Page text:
So reducing touchpoints helps?
If you’ve got more than three calls to action to buy, you’re out. If you’re on Facebook, you’re flicking your phone up, the bounce rate is currently 1.7 seconds – so your video has to really ‘get on’ with the call to action and or brand awareness straight away. People often show me a 30 second advert, I’m like, what’s the point? Give them a 10 second ad. Some tips – in the first second you need to be able to show either the date of release, what one thing does it do differently, the price and how I can buy it – now. Show the consumer an image of the product benefits. For example, if you are launching a new Harry Potter film. You just want to see the Harry Potter logo, the date. So instantly, you know, it’s Harry Potter, you’ve got the association, you know when the film is open so you can get people to buy tickets. Job done.
Thing is, it’s the tech problem. When you’re on the phone, on the train, your technology doesn’t work because of the train. So getting that 1.7 seconds is probably the reason why they flick quick. Because when they get a bit of service on the TFL network, marketers have got to get their message across really quickly.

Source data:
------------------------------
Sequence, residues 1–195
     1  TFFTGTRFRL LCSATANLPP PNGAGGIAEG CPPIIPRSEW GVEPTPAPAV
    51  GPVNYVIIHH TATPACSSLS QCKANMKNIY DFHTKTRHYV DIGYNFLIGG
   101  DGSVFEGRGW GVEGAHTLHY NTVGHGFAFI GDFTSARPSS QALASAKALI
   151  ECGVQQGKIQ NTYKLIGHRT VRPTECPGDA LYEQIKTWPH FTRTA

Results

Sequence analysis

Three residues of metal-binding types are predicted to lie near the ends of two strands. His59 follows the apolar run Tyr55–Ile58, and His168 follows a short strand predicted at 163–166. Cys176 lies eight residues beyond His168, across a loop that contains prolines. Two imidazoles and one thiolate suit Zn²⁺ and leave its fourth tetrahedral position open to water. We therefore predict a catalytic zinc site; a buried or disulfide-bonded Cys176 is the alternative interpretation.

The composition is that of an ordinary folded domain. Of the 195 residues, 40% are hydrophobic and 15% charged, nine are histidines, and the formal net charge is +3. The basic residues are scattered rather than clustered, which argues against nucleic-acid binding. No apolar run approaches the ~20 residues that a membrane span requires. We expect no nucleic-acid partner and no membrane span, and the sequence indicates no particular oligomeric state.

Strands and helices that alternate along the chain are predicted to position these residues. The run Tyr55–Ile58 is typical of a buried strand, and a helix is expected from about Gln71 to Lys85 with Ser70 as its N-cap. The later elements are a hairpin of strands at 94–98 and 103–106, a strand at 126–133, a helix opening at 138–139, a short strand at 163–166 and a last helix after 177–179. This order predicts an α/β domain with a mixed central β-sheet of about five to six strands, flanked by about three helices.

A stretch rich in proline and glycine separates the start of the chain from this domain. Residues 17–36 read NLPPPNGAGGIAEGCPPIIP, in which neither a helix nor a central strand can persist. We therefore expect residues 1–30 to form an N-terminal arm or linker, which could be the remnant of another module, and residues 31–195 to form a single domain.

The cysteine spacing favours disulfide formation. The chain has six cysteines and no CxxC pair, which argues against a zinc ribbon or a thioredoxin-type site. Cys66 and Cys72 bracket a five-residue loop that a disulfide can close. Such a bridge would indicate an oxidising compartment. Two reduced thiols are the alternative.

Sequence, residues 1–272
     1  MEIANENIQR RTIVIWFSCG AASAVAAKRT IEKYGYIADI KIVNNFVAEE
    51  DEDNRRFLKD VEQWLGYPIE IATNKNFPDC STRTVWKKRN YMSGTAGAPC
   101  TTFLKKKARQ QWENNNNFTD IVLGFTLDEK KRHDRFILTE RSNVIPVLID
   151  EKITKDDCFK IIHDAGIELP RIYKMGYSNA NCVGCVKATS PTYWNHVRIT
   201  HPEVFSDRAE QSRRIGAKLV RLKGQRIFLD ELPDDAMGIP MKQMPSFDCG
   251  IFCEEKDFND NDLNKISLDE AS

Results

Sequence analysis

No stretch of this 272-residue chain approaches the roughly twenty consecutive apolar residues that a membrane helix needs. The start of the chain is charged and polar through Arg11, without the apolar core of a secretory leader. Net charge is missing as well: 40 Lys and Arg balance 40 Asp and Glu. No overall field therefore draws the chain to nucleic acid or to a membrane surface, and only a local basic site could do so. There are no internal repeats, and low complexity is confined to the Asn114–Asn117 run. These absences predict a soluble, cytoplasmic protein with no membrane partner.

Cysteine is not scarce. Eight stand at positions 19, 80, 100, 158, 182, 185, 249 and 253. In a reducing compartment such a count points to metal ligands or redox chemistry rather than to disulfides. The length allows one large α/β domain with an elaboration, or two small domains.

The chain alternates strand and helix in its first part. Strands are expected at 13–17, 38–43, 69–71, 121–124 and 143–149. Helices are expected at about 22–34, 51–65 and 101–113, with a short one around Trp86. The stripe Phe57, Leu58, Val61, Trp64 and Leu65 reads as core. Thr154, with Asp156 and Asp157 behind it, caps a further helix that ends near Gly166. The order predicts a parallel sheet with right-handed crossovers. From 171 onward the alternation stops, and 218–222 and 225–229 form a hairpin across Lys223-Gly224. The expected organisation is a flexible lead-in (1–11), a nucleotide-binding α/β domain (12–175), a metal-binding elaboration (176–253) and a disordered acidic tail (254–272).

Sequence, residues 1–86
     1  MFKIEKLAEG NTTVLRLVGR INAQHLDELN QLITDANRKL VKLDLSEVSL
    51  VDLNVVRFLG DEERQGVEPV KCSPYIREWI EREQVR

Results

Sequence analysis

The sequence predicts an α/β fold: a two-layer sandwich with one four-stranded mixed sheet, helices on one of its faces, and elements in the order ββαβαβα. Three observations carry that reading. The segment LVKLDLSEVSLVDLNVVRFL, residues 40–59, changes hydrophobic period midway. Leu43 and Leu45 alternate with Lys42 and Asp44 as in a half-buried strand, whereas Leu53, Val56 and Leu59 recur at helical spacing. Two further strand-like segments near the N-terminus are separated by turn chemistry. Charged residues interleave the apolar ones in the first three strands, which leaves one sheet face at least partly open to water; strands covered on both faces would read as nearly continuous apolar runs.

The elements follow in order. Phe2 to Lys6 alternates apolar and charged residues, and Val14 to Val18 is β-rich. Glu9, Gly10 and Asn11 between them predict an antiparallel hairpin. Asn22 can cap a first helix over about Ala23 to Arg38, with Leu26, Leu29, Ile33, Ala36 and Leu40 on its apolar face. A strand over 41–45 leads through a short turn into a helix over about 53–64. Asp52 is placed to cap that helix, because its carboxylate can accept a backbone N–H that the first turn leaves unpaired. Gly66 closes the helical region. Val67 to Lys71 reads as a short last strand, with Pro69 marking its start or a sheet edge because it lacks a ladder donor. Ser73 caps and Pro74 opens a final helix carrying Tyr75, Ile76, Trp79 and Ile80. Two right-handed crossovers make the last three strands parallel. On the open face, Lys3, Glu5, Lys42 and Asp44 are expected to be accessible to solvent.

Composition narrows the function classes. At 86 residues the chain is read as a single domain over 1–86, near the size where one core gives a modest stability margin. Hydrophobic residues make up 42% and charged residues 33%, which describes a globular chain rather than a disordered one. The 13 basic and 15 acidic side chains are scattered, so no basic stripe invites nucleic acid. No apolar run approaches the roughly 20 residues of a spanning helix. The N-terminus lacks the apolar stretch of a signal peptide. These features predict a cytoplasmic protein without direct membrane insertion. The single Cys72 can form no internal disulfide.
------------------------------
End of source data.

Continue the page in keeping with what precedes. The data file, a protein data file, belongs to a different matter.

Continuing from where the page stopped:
We also see text on videos, watching with the sound off.
Yes. Last week we did exactly this. There was text below the video. So there’s three things you see with that. First, we were finding a lot of the millennials were at work… so shouldn’t have been on their phone. So they turn the sound off. Not the greatest insight, but that’s human behaviour for you.
You also solve the difficulties for those with deafness. We should never forget that there are people who are deaf, those with disabilities. So we’re appealing to a new audience that could engage with our content on mobile really fast, it went down really well. And the charities told us that’s brilliant to see being included into the creative.
The other thing is that if you were up late at home in the evening, you don’t want to wake the baby or your other half for that matter- but you want to watch the video, you can still do this. It solves so many issues with having text overlay.
Your second point is the whole premise of our panel which you’re so kindly part of, looking at “Who have we ignored and why do they need to be included?”